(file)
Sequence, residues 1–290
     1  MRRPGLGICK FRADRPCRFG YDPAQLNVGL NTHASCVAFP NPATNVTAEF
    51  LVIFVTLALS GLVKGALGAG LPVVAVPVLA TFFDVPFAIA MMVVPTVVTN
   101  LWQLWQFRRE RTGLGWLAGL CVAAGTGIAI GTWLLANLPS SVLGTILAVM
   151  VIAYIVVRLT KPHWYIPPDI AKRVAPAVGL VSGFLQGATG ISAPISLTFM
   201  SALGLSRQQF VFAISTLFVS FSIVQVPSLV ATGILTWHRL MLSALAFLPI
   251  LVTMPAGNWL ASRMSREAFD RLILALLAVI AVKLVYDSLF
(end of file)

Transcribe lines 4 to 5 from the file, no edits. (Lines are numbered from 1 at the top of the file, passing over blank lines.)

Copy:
   101  LWQLWQFRRE RTGLGWLAGL CVAAGTGIAI GTWLLANLPS SVLGTILAVM
   151  VIAYIVVRLT KPHWYIPPDI AKRVAPAVGL VSGFLQGATG ISAPISLTFM